The Crafted Garden is all about getting closer to natural items and using them to decorate our lives. Some of the projects could be used as decorations in your own home or to create items that could be given as very thoughtful gifts. Each project is thoroughly explained by Louise and beautifully illustrated with photographs by Jason Ingram. Each activity not only has a “How To” section explaining how to make the project, but contains background information and useful snippets about the plants, flowers, leaves or seedpods that are used to create it. The craft projects are arranged season by season, with plenty to get your teeth into in each section.

There are lots of projects that could easily be completed with children as part of your school garden group. There are also some that could be adapted to make them more child friendly, some projects may spark off an inspiration for you to take them in another direction with your garden group. But I’m sure you will gain many ideas from this book to give as gifts, for your home, school or for your sale tables at the Christmas and Summer fairs.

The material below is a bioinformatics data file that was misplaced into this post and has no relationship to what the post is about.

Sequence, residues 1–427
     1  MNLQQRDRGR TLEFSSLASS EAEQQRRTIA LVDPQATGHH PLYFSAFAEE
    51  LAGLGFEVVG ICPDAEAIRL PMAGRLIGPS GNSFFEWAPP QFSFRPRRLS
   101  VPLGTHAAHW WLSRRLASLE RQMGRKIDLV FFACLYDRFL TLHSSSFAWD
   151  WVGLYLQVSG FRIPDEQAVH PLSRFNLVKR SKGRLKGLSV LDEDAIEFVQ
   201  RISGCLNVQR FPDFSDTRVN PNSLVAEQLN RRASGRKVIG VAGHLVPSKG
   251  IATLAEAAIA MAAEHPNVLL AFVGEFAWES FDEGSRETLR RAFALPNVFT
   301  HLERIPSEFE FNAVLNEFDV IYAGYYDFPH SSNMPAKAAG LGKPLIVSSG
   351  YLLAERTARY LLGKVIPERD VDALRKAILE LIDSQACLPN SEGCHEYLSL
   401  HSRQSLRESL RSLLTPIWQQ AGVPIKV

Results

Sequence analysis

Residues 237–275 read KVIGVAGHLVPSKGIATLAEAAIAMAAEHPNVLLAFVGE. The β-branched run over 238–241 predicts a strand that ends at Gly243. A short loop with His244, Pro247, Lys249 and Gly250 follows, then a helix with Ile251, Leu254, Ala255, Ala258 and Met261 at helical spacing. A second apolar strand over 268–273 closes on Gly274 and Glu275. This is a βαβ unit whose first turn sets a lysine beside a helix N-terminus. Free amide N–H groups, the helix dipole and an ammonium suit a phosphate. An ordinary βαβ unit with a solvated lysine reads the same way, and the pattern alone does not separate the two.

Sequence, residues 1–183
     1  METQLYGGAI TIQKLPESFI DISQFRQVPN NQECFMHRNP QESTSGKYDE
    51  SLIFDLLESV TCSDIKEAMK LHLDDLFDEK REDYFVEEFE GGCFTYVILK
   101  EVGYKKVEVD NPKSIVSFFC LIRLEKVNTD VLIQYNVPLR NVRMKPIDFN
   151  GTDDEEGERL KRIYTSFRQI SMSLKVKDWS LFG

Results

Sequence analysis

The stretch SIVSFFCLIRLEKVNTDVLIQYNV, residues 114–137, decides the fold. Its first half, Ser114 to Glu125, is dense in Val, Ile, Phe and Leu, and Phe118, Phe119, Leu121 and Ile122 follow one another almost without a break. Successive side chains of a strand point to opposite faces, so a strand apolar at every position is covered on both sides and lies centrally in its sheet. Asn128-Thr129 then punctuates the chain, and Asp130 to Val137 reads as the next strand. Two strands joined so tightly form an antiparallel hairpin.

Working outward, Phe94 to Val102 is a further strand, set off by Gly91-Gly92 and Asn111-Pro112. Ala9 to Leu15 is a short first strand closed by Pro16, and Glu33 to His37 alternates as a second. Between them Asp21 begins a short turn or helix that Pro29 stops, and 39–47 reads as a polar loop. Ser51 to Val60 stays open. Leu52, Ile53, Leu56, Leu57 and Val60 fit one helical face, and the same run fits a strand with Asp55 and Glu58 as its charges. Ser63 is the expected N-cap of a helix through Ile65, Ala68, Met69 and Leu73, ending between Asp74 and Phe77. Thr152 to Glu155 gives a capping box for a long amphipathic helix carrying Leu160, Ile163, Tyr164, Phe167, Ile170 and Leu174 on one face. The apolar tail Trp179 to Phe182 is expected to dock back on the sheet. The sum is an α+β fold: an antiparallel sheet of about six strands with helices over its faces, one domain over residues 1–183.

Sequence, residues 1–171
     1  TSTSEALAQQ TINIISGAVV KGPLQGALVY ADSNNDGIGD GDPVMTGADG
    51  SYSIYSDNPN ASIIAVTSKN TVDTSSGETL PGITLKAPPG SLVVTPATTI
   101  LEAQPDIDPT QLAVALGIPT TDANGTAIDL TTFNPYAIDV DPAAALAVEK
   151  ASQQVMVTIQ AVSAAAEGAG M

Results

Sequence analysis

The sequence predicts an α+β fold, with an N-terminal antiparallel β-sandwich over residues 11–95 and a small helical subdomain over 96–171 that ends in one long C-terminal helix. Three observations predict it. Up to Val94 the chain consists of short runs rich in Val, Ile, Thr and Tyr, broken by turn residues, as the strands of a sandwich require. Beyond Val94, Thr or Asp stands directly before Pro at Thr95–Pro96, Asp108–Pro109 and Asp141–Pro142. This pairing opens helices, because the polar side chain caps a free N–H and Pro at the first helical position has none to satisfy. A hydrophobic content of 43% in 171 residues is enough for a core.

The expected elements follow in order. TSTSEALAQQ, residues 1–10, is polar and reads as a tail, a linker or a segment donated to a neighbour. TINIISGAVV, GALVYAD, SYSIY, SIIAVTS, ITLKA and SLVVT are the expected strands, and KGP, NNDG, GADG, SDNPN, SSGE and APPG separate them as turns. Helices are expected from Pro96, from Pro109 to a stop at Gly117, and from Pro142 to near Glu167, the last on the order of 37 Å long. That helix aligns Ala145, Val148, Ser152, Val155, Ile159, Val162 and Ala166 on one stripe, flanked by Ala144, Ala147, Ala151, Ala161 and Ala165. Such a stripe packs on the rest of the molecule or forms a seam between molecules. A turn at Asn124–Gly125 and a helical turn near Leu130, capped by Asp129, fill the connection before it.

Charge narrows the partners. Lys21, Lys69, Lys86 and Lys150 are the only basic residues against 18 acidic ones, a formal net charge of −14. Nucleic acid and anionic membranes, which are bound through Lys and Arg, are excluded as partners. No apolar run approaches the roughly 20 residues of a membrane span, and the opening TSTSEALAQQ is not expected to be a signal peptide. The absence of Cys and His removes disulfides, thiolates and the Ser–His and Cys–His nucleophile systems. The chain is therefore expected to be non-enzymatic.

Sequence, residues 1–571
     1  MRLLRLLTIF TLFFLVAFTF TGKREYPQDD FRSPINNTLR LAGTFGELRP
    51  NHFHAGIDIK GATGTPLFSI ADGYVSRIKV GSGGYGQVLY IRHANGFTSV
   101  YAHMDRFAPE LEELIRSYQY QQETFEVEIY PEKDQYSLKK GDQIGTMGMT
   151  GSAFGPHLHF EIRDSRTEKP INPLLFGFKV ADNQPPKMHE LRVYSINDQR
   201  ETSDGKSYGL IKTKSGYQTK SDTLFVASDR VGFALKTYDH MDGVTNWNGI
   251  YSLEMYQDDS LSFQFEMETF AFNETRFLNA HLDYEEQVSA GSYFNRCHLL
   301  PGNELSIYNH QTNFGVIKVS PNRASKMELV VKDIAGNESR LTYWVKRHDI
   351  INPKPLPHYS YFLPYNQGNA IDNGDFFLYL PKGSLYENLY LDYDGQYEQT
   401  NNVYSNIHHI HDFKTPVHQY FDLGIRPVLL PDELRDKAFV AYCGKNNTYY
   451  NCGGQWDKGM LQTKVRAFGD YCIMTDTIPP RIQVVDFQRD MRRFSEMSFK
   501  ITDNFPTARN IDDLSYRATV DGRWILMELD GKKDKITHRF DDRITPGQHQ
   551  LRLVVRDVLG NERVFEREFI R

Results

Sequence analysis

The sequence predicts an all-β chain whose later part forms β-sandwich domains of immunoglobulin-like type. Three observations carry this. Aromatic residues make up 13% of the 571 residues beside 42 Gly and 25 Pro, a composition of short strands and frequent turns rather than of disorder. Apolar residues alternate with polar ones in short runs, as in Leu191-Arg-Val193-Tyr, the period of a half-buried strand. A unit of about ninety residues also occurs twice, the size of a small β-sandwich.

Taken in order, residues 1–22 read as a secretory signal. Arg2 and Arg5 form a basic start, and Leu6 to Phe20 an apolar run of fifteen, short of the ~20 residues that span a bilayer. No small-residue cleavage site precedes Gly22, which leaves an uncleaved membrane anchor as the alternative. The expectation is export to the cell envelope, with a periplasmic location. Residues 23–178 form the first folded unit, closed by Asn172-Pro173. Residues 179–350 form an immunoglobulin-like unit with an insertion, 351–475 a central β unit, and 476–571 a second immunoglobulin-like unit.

This is so much more than a garden craft book. By dealing with the horticultural elements of each of the “My Key Plants” used in each project, you will find out how to grow, propagate or be given suggestions of where to buy the plants used. As a grower I love this element of the book. It may mean that some of the projects take a bit longer to complete if you choose to grow the “ingredients” first from seed to complete an activity but that is all part of the journey of discovery. Rather than a tub of glue, glitter and stickers that will create something that is quickly discarded, some of the projects may live for weeks or longer, gracing your table or your windowsill, often with suggestions of then planting them into your garden to continue to grow and develop. It is all part of enjoying the changing of the seasons and appreciating what nature has to offer close up, kind of like the school nature table that so inspired Louise in her childhood.